After all, say that supernaturalist says that in Supernature World, there are energies and substances that are completely unlike here in the "real" world.  God is an infinite creature made up of God particles - an immense goo of proto-plasm, but completely different than you imagine.  


I would say, you have just taken Gray Matter and changed it's color and texture, essentially.

Let's say the supernaturalist say "God is a mind - a infinite being of Mind."  His Being is a mind.

I would say that you have embodied the mind of God into a body called God.  It obviously functions as God's mind because of certain discreet functions that, say, keep us from knowing it.  After all, I don't think anyone claims to have access to God's Mind - which is apparently everywhere and thinking away.

Again, it is entirely nonsensical to me to talk of a Brainless Mind, and I would love someone to lay it out for me.



24
Craig vs Law / Takedown of "evil god"
« on: February 24, 2012, 04:20:54 pm »
innerbling wrote:
Evil (a crucial part of the evil god) is the lack/omission/rejection of Love.
Love is the nature of God.

Therefore, the Evil God lacks the nature of God.


No did you read my response (not G !=G but G != X)? As per the argument evil god would lack property of love not "nature of god". As in this possible world love would not be a part of nature of god.
Now how I believe things actually ontologically are is of course not in any way relevant to the argument itself which shows how it would be incoherent if my beliefs in a loving God would be false. That is such possible world is non-existent as it is necessarily incoherent.


However,  we know that there is no reason to presume a God is evil or good,  according to the Ontological, Kalam or other arguments.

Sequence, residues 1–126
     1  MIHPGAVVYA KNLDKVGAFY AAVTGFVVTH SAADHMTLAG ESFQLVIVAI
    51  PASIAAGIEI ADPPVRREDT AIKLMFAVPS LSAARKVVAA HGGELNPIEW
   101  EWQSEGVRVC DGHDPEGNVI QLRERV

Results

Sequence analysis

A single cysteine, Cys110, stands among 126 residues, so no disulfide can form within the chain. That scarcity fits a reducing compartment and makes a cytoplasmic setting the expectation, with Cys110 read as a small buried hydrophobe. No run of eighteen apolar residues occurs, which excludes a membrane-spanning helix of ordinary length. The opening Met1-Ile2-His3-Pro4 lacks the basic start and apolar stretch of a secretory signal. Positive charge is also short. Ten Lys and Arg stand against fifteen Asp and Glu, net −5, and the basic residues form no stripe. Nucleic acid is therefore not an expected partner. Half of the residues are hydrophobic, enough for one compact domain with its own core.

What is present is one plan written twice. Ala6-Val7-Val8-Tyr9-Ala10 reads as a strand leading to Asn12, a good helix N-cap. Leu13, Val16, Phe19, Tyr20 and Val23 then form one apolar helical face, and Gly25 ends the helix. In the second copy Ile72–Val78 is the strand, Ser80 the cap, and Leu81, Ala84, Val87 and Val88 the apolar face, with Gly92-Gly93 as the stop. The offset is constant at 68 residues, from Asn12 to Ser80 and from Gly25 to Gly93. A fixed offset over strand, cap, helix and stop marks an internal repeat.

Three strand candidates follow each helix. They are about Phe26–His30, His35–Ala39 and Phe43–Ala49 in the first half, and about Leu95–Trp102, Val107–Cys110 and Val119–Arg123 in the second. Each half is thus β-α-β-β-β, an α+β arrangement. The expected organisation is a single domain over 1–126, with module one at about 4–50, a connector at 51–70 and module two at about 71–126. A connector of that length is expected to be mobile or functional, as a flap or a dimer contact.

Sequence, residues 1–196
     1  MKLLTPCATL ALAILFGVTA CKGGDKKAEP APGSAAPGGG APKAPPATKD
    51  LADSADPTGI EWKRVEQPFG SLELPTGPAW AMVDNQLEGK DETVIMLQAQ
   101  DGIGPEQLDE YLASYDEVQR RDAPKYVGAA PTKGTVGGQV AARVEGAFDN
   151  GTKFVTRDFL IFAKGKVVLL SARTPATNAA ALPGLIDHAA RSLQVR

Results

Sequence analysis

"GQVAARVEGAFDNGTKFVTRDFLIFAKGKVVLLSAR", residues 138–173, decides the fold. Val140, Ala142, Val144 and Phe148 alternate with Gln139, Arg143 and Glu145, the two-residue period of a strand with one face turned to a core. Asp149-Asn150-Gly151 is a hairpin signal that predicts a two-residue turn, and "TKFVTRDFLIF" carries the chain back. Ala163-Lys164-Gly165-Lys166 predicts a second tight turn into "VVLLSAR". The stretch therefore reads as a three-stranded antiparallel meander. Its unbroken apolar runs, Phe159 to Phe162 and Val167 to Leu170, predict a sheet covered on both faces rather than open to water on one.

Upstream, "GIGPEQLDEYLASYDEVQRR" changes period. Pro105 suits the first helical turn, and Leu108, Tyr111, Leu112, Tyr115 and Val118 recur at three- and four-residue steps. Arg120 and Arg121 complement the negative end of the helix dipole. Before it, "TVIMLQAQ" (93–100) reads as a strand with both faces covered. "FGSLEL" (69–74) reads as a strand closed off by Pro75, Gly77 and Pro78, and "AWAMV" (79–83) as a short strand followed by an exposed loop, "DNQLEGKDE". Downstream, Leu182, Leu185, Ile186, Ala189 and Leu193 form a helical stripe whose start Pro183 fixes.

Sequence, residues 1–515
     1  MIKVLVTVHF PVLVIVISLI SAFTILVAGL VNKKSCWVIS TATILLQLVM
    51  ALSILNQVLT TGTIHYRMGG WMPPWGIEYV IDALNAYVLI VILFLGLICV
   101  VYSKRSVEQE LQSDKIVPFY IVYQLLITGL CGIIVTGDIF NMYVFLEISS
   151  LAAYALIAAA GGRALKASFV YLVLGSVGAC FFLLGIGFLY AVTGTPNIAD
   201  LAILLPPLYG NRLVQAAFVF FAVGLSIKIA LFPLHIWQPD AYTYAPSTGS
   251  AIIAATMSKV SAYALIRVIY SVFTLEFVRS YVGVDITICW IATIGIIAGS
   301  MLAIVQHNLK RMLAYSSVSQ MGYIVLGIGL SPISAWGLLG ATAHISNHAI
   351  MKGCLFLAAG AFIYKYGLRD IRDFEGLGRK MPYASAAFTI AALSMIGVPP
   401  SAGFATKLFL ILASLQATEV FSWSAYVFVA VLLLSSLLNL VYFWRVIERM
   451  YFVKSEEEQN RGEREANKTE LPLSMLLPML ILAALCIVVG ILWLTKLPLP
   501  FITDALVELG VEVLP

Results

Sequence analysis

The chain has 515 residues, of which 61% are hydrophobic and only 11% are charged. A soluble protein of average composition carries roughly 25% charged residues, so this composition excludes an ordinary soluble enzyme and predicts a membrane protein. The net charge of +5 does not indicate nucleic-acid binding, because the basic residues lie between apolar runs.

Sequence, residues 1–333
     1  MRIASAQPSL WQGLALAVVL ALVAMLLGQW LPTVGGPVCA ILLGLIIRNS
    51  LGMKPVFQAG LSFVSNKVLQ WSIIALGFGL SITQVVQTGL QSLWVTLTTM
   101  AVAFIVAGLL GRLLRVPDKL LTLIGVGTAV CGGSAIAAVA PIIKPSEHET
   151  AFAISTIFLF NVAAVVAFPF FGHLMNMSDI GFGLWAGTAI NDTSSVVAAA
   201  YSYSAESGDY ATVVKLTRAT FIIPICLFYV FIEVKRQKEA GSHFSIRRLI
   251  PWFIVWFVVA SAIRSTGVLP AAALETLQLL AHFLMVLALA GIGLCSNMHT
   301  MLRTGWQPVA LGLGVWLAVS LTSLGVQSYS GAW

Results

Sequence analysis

Well I just presented an argument which seems to be logically and deductively valid so this is nonsensical.

So, how do you define Love (and good) if there is actually an evil god?

25
Craig vs Law / Evil God Challenge - two simple answers?
« on: February 24, 2012, 04:19:29 pm »
Yuzem wrote:
but you agree there is nothing to preclude an evil god from creating minds that can reason.

Yes there is "nothing to preclude" which means, as I understand it, that it is not impossible.
I'm not holding that it can't be that he has created us with minds that can reason, maybe it is, maybe it isn't.
Even if there were some reasons that can be proposed for an evil-god creating minds that can reason, if these reasons are balanced by other reasons against an evil-god creating minds that can reason then we have no very good grounds to trust in  reason.

If an evil-god exist: what reasons do we have to believe that he has created us with minds that can reason rather than with minds that can not reason?

If the reasons in one side are similar to the reasons in the other side then we have no very good grounds to trust in  reason.

So, it's reasonable to try to reason, whether we can reason or not.

If it is plausible to believe that reason was created to mislead us I don't see why it would reasonable to try to reason.

What other option would you have? You are welcome to not reason, after all.

26
Apologetics and Theology / Unembodied mind
« on: February 24, 2012, 04:09:00 pm »
philnov wrote: GreatPumpkin, we cannot say things are impossible until we have evidence to do so. Even tremendously unlikely things are in principle possible.

I see no reason to believe in a mind without a body, or a non-physical world, but I can't logically say that they are impossible.

Of course, the theist has all of his/her work ahead to show that these things are true, or even likely.

I understand, and yet I don't.

I would like to know how you imagine these minds.  To me it's like Theists say they can imagine God, but then when you drill down, they really don't imagine God, but simply have convenient mental touchstones that they group together to form a general shadow or impression of what they might call God. They aren't really imagining God, they are simply referencing a series of metaphors.